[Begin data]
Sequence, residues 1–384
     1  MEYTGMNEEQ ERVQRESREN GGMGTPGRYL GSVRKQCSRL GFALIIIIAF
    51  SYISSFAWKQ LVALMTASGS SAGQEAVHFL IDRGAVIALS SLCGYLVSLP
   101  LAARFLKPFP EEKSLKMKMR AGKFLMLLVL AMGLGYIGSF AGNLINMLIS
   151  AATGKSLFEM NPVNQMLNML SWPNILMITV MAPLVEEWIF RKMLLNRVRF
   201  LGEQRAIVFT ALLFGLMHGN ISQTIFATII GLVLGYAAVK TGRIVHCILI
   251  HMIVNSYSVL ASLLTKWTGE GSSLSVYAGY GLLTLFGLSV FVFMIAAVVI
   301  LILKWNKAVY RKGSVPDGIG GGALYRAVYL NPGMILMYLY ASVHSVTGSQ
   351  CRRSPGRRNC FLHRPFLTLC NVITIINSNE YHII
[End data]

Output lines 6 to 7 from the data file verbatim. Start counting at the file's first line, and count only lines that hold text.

   201  LGEQRAIVFT ALLFGLMHGN ISQTIFATII GLVLGYAAVK TGRIVHCILI
   251  HMIVNSYSVL ASLLTKWTGE GSSLSVYAGY GLLTLFGLSV FVFMIAAVVI